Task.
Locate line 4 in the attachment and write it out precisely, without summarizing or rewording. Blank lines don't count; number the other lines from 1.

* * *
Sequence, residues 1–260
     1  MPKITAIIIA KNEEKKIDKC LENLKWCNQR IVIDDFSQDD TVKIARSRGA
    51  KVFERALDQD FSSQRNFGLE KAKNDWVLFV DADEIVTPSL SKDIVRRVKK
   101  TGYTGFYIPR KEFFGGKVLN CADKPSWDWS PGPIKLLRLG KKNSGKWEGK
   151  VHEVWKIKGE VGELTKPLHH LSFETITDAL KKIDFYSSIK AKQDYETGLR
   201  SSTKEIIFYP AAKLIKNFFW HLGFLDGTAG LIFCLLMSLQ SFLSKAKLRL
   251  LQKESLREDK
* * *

   101  TGYTGFYIPR KEFFGGKVLN CADKPSWDWS PGPIKLLRLG KKNSGKWEGK